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Carrying forward its commitment to religious freedom, the Church of Scientology has contributed towards bringing about peace in the war-torn former nation of Yugoslavia. Scientologists with the Citizens Commission on Human Rights investigated and broadly exposed the fact that leading psychiatrists had stirred up religious and ethnic hatreds in the area and fomented the “ethnic cleansing” which had victimized religious minorities and bathed the Balkans in blood. They also publicized that these psychiatrists who orchestrated the violence were operating off an agenda similar to the “racial hygiene” of Nazi psychiatrists during World War II. One of the psychiatrists exposed was Serb leader Radovan Karadzic who was subsequently indicted for crimes against humanity by the International Criminal Tribunal in The Hague. CCHR provided the Tribunal with extensive documentation to support the charges against Karadzic.

The Church has also been effective in exposing the criminal activities of antireligious hate groups such as the Cult Awareness Network (CAN) in the United States and similar movements in Europe. It exposed not only CAN’s brutal tactics during its “deprograming” activities but its coercive recruiting and referral techniques and its financial motivations. CAN had been involved in violent “deprogramings” of members of many religions, including Roman Catholics, Episcopalians, Baptists, Buddhists and others.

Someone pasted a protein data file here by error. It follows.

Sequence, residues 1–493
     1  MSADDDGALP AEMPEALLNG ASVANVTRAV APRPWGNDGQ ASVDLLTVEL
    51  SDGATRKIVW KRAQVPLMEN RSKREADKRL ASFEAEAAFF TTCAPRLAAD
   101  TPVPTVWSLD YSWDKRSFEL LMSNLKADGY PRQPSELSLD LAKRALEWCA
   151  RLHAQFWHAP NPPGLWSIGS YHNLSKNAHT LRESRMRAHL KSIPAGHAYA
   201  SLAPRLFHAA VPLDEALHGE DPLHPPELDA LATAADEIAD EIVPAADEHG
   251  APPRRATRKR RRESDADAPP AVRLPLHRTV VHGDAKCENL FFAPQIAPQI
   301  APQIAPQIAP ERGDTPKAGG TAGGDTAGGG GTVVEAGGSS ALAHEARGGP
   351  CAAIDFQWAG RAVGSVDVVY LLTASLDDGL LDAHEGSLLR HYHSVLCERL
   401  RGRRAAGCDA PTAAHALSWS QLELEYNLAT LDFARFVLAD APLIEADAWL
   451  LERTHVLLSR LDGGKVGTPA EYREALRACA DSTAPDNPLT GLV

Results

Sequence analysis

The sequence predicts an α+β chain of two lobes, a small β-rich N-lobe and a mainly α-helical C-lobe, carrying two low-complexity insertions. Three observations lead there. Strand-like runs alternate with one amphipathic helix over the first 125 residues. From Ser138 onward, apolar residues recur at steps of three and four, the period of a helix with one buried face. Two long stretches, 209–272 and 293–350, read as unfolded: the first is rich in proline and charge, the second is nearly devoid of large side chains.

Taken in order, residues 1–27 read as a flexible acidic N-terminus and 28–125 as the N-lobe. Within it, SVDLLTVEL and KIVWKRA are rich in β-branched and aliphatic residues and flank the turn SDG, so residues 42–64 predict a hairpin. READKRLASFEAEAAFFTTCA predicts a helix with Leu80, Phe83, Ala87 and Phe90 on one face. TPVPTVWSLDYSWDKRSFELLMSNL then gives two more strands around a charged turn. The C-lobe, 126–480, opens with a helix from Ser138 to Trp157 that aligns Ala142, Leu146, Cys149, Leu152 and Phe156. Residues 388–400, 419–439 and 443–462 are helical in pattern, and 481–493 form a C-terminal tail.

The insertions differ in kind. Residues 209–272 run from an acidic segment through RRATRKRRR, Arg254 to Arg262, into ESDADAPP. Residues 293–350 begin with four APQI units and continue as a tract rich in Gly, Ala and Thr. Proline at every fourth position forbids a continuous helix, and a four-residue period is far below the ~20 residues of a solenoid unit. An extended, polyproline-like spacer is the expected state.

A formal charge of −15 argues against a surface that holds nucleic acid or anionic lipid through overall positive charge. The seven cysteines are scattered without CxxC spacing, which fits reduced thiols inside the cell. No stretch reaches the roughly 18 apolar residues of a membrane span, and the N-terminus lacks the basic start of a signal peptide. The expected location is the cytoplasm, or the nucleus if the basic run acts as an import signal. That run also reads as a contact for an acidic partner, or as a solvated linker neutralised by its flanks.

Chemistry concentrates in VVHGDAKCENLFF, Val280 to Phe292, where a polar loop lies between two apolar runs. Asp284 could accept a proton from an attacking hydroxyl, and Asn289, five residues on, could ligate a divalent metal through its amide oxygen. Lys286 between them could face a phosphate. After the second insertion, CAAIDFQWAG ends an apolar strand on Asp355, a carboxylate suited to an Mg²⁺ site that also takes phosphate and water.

In 1996, CAN declared bankruptcy and went into liquidation after losing a multimillion-dollar lawsuit to a man affiliated with a Christian religion who had been assaulted by a CAN deprogramer. In 1997, CAN was revived by a new, multifaith board of directors, headed by a Baptist minister and Bible college professor. Restored to its original stated purpose – “To educate the public on religious rights, freedoms and responsibilities” —CAN now works with religious groups of all faiths to foster understanding and tolerance.

The work of Scientologists on behalf of religious freedom is nondenominational; it is carried out with the view that liberty of religious belief and practice is the cornerstone of freedom itself, and that when one religion is infringed upon, the rights of all men are endangered.


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